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  • August 15, 2008


McGuinty Government Invests $172,500 In Critical Care Training

August 15, 2008

Patients living in York Region will soon have increased access to life-saving services in Ontario’s critical care units and emergency rooms as the province invests $172,500 in specialized critical care training for nurses at Markham Stouffville Hospital, Southlake Regional Health Centre and York Central Hospital.

The funding is part of the province’s Critical Care strategy, a $4.5 million investment that will enable another 76 hospitals to train 391 nurses. This funding is being provided for the second year to ensure that more nurses receive necessary training, including specialized healthcare technologies to care for critically ill patients.

“Training another 15 nurses in York Region in the area of critical care will get critically ill or injured patients the highly specialized life-saving care they need,” said Michael Chan, MPP for Markham-Unionville. “By investing in this highly specialized and needed training, Ontario becomes a world leader in critical care nursing education, and will ensure the development of an expert and sustainable nursing work force for the future.”

This year’s funding applies to adult and paediatric critical care nurse training completed between April 1, 2008 and March 31, 2009 through an in-house and/or college-based adult and/or paediatric critical care program.

“We're committed to improving access to quality care at Ontario’s hospitals,” said David Caplan, Minister of Health and Long-Term Care. “Providing this specialized critical care training to more nurses benefits patients and helps health care organizations meet the health needs of its community and provide increased quality of care closer to home.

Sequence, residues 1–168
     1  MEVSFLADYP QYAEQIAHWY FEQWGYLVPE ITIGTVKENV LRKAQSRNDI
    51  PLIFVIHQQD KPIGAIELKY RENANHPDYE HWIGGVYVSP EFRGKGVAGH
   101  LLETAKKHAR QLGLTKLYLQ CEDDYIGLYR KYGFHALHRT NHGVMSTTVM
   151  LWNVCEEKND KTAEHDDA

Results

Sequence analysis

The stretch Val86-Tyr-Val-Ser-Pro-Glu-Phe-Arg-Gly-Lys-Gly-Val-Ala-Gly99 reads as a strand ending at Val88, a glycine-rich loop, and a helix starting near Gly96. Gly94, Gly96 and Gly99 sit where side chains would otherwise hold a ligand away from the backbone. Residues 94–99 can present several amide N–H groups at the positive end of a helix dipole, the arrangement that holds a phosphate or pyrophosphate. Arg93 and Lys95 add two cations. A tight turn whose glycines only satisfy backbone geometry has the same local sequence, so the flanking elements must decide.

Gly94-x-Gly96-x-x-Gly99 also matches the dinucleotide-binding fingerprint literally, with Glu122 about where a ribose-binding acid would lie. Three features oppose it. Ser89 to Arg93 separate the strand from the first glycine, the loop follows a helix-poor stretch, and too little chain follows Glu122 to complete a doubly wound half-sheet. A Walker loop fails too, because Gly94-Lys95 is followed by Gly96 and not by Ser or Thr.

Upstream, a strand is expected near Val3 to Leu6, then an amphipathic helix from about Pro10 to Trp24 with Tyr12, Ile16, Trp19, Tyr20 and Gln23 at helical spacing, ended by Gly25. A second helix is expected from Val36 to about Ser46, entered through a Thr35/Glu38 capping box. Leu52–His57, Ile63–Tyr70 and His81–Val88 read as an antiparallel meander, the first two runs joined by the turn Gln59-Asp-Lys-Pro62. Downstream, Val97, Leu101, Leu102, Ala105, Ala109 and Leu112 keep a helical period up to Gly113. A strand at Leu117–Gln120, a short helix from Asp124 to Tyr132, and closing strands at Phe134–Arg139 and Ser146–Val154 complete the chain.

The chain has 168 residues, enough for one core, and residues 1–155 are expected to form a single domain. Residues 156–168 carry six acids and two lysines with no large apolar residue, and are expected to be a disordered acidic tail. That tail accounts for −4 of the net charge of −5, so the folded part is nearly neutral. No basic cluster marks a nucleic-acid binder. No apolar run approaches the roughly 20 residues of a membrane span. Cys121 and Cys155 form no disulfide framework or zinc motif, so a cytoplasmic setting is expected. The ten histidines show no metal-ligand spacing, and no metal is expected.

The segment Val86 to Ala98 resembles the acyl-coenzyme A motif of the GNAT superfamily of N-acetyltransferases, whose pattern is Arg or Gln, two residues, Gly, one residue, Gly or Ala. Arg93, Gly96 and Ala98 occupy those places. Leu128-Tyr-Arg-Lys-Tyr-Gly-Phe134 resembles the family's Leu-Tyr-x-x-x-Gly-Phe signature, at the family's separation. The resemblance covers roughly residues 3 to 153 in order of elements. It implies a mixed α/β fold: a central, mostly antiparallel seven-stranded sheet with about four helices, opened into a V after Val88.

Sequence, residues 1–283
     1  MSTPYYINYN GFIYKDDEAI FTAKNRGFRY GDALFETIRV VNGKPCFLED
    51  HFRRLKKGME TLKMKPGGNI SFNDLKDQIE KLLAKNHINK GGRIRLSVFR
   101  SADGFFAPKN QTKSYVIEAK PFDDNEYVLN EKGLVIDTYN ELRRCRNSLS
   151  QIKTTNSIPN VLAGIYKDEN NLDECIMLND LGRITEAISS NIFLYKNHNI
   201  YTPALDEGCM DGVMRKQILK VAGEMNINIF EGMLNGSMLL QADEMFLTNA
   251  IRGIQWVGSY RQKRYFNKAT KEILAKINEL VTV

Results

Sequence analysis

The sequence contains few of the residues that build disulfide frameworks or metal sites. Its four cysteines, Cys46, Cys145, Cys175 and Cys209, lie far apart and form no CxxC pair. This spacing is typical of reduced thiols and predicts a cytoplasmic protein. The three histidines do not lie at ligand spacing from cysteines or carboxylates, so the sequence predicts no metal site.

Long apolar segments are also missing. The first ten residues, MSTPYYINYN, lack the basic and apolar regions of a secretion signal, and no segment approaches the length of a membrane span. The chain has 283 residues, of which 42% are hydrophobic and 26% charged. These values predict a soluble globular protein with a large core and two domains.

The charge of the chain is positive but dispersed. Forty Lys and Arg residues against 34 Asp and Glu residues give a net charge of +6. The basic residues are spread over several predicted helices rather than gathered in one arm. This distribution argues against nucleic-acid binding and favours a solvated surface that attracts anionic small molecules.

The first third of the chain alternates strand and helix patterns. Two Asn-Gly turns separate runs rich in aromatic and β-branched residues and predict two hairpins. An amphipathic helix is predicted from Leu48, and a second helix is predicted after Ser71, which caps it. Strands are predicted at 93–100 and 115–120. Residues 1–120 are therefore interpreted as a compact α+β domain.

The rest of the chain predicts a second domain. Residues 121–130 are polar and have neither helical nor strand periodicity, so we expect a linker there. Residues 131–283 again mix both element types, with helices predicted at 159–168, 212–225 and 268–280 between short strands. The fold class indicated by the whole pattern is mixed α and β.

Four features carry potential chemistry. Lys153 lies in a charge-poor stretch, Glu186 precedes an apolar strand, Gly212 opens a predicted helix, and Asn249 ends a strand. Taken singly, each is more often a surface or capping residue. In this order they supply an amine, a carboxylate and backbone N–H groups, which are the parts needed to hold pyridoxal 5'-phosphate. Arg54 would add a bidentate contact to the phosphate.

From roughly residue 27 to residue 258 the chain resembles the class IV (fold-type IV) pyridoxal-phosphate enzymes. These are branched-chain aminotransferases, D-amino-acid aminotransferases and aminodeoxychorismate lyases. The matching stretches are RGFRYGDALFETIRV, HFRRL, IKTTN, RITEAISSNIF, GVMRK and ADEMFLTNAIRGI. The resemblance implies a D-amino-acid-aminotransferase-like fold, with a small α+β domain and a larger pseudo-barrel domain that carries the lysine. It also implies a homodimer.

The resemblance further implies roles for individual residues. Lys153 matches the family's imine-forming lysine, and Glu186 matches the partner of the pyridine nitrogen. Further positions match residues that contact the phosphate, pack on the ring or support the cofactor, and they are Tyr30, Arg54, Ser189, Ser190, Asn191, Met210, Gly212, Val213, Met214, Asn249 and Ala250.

This program, in its second year, will provide a total of 664 nurses with the necessary life-saving skills that are required in critical care units and to meet the provincial Critical Care Nursing Standards – no matter where they work in Ontario.

“The Ontario Critical Care strategy has a set of key initiatives to improve access to critical care nursing education and improve the quality and consistency of critical care training while, at the same time, increasing the number of nurses trained each year,” said Dr. Bernard Lawless, Provincial Lead, Critical Care and Trauma.


  • Ontario has 31 Critical Care Response Teams, consisting of intensive care physicians, nurses and respiratory therapists who are available 24/7 across the province.
  • Ontario has 1800 Intensive Care Unit Beds in 213 Critical Care units spread across 127 hospitals.
  • Critical Care alone can amount to as much as 30 per cent of a hospital's budget.


Find out more about Ontario’s Critical Care Strategy health human resource initiatives

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